Cells may be programmed to actively die even with a sufficient supply of nutrients. Provide the name of this mechanism and outline the circumstances in which it is used.

Apoptosis. In multicellular organisms, it is important that cells survive only when necessary and in places where they are needed. Apoptosis is observed in the formation of fingers (cells between fingers die), the removal of cells infected with viruses, the removal of cancerous cells and the disappearance of the tail of tadpoles during their development into frogs.

 

 

Using specific names, outline a typical mechanism in which a ligand binds to a G protein-coupled receptor, which then activates a G protein trimer, which in turn increases the intracellular Ca2+ level to transduce signals.

A G protein-coupled receptor is a membrane protein that penetrates the membrane seven times, and consists of three G proteins (Gα, Gβ and Gγ) forming a trimer. The GDP bound to unstimulated Gα is converted to GTP after a ligand binds to a receptor, thus activating the GDP. The Gα that has bound to GTP and become activated leaves Gβ-Gγ and activates phospholipase C. This activated phospholipase C degrades phospholipids to form inositol trisphosphate and diacylglycerol, and the inositol trisphosphate activates the inositol trisphosphate receptors in endoplasmic reticula. This activation causes the release of Ca2+ in the endoplasmic reticula into the cell, thus raising the intracellular Ca2+ concentration. The active Gα also activates adenylyl cyclase. As a result, the intracellular cAMP concentration increases, which activates cAMP-dependent kinase (A kinase), thus facilitating the opening of the Ca2+ channel and in turn increasing the intracellular Ca2+ concentration. This increased intracellular Ca2+ level activates kinases (which are activated in the presence of Ca2+-binding proteins) and serine/threonine phosphatases. These kinases and phosphatases in turn activate various intracellular signals.

 

1)

List the names of the cell cycle stages.

G1, S, G2 and M phases. Some cells may enter the G0 (i.e., resting) phase at the G1 phase.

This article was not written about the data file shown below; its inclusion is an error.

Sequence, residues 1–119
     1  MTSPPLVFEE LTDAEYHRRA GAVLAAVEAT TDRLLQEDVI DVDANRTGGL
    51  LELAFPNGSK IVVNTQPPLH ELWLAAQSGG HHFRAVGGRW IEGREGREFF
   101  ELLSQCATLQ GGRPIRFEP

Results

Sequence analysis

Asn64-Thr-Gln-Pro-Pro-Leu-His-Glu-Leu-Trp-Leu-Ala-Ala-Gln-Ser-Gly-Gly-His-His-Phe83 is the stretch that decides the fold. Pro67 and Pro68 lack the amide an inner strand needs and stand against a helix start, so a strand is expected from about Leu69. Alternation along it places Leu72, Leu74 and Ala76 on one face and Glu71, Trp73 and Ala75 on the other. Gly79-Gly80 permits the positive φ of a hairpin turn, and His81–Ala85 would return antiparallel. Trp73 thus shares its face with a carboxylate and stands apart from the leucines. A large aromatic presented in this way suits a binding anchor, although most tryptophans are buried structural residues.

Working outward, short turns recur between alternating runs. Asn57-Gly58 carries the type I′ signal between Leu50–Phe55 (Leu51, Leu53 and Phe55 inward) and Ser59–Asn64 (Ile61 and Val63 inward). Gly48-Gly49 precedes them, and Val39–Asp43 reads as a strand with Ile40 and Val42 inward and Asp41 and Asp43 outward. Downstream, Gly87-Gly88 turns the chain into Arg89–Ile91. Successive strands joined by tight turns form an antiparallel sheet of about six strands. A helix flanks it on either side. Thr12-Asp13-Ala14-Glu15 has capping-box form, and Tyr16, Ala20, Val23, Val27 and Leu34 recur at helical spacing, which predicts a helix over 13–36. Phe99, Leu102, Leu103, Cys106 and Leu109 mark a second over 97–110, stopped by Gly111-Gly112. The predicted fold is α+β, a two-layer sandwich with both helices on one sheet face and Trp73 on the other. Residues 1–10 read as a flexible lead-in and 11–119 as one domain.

2)

Explain the molecular mechanisms necessary for the cell cycle to progress irreversibly in one direction.

Proteins that regulate the cell cycle include cyclines and CDKs. These proteins form a complex and are modified, thereby regulating the cell cycle. Cyclines are ubiquitinated at a particular stage of the cell cycle and are then immediately degraded. Thus, degradation of the proteins that regulate the cell cycle is the driving force behind the cycle’s irreversible progress.

 

 

In a normal cell culture, the cell cycle varies among cells, and those in the M and S phases are mixed together. Explain the method by which the cell cycle of all cultured cells is synchronized (known as synchronized culture).

There are several methods for synchronized culture. Cells in the mitotic phase have relatively weak adhesion, and do not stick firmly to glass. They can therefore be collected easily by gently rinsing a culture dish with a culture medium. When alga cells are cultured through a cycle with light and dark periods, the cell cycle synchronizes with the experimental cycle.
A more direct method is the addition of a DNA synthesis inhibitor (aphidicolin) to a cell culture. When cells are cultured for one cell cycle or more in the presence of aphidicolin, the growth stage of all cells stops at the S phase. The cycle of all cells can therefore be synchronized by replacing the culture medium with a new one to remove aphidicolin. The growth stage of all cells can also be synchronized to the G1 phase by removing serum from the culture medium to arrest the growth stage of all cells at the G0 phase and by restarting the growth process through the addition of serum to the culture.